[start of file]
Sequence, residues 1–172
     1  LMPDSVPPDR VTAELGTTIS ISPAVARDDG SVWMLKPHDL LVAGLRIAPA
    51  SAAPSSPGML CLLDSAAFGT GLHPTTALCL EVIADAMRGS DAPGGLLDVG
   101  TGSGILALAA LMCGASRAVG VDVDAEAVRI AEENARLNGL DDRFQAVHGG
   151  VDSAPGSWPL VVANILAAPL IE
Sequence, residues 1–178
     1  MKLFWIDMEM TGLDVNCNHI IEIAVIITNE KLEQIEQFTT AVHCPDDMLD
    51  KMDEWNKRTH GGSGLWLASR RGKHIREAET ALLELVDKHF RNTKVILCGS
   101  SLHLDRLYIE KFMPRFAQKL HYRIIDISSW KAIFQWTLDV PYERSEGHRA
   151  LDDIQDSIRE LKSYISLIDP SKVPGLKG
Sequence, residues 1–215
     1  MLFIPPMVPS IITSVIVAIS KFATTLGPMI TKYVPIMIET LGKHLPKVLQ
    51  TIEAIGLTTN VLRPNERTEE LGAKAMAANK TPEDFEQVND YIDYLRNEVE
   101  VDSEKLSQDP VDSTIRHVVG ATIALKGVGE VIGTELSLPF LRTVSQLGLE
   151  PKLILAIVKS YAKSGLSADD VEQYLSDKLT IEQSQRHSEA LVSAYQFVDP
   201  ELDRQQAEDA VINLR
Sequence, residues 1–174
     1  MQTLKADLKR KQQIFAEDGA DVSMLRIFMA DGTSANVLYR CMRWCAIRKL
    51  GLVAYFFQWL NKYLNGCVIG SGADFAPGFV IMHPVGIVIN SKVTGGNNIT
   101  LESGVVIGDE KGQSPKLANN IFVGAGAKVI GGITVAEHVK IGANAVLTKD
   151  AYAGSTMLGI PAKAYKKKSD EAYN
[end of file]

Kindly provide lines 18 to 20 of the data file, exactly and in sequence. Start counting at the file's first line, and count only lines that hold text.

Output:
     1  MQTLKADLKR KQQIFAEDGA DVSMLRIFMA DGTSANVLYR CMRWCAIRKL
    51  GLVAYFFQWL NKYLNGCVIG SGADFAPGFV IMHPVGIVIN SKVTGGNNIT
   101  LESGVVIGDE KGQSPKLANN IFVGAGAKVI GGITVAEHVK IGANAVLTKD